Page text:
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Agreeing the terms of a lease with a prospective tenant prior to drafting the lease will save considerable time and money further down the transaction. If the parties are fully aware of the terms of the agreement it is likely to reduce disputes and consequently avoid delays and further legal costs.

Below is a non-exhaustive list of the points which should be discussed:

Length of Term of the Lease

The term should be fixed for a set period. Tenants now prefer leases to be shorter in length because of the requirement of the Land Registry for registration of leases with terms greater than 7 years and secondly because the Stamp Duty Land Transaction Tax is greater for longer terms.

Security of Tenure – Landlord and Tenant Act 1954

This Act preserves the right of a business tenant to stay in the property at the end of the lease. If the provisions of the Act are not excluded then the tenant will be entitled to remain in occupation at the expiration of the fixed term and have a right to apply to the court for the grant of a new lease.

This is expensive and time consuming, and in certain circumstances the tenant may be entitled to compensation for failing to obtain a new tenancy.

Allowing a tenant access to the premises before legal formalities are completed can also establish security of tenure and invalidate any subsequent agreement to exclude the Act.

Rent & Rent Review

Consider the initial rent and whether there is to be provision in the lease to increase the rent. If so, when and how is the rent reviewed? Rent review provisions are usually by way of reference to an index or the open market value of the premises at the date of review.

Service Charges

The service charge is often a contentious issue whenever a property is divided between two or more tenants. It includes such items as lighting, cleaning common parts, repair and maintenance, security etc.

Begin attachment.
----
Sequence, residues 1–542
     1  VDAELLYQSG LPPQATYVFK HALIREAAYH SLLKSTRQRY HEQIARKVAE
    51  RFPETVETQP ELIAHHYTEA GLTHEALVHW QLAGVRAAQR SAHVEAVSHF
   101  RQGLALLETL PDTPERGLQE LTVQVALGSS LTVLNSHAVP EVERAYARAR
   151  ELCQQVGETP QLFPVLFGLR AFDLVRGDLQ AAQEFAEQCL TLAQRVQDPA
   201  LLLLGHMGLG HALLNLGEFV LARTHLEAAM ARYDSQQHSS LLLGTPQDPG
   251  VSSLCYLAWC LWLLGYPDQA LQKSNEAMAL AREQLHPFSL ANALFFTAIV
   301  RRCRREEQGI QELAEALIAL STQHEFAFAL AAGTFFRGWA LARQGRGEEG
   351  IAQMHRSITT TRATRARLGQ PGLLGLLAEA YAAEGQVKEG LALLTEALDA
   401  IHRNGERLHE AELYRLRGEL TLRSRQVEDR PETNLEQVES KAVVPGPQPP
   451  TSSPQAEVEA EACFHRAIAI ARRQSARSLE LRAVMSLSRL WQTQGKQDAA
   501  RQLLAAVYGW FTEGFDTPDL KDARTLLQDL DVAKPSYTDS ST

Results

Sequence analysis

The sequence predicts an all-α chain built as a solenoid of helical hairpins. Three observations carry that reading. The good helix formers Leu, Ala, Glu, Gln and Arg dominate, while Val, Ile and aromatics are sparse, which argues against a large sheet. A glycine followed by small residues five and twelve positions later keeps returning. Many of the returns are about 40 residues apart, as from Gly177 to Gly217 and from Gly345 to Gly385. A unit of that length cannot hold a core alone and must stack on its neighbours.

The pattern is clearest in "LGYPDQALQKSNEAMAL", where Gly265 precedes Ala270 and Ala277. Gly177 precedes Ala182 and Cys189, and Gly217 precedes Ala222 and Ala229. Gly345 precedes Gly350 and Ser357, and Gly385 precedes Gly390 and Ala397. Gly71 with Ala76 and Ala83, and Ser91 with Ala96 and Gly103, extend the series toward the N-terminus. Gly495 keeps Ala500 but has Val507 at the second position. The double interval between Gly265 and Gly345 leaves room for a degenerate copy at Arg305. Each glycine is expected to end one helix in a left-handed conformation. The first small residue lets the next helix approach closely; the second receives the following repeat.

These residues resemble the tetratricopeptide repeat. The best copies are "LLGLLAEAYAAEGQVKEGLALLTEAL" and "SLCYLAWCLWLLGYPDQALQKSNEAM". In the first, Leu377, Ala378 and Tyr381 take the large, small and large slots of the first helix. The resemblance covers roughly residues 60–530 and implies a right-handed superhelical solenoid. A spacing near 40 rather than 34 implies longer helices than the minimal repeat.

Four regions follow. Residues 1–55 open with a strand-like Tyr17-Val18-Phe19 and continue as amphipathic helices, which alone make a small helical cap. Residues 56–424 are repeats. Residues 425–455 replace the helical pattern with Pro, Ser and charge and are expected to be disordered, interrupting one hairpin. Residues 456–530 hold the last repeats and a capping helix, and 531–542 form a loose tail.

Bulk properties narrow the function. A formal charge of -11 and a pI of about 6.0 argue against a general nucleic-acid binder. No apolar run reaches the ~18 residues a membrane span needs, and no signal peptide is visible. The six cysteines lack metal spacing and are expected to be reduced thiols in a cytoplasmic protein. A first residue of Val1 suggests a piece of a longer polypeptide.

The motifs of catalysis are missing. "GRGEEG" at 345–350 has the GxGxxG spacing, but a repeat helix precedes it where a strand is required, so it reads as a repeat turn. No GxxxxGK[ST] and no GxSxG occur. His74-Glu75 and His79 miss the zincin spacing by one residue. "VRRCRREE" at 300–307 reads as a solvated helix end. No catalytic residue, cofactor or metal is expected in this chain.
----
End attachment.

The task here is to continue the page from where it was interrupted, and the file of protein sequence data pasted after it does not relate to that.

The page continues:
The service charge can be dealt with by way of an all inclusive rent or by apportioning the charge between the tenants. Advise the Tenant of the likely apportionment and list the services you intend to provide.

Alienation

This restricts the tenant’s ability to assign, or sublet the premises in whole or to sublet any part. Most leases will prohibit the tenant from assigning the lease without the landlord’s consent, allowing the landlord to decide whether the new tenant is suitable and has adequate finances to meet the rent.

On assignment the original tenant will no longer be bound under the original lease once he has parted with his interest. It is therefore wise to insist on an authorised guarantee agreement whereby the original tenant will enter into a guarantee with the landlord.

Guarantors and Rent Deposit

If the financial standing of the tenant is uncertain, a landlord will often require a guarantor and/or rent deposit. Ascertain whether the proposed tenant is an individual or a company. Insist on a guarantor if the tenant is a newly formed company. Alternatively, the landlord can take a rent deposit from the tenant upon which he can draw in the event that the landlord breaches the lease.

Landlord’s Costs

It is not obligatory for the tenant to pay the landlord’s legal costs. Advise the proposed tenant at the beginning that you require him to be responsible for such charges. Instruct a firm of solicitors that specialise in these matters and are able to provide a fixed fee.

If a prospective new tenant is forewarned of these issues your solicitor will be able to complete the lease faster and consequently you begin receiving the rent sooner. This approach also helps to prevent subsequent problems when the term expires or is renewed. Remember that any heads of terms agreed should be clearly expressed to be ‘subject to contract.’

For further advice on commercial property conveyancing, please contact Rhidian Hobbs at Howells Solicitors on 02920 404020 or email rhidian.h@howellslegal.com.

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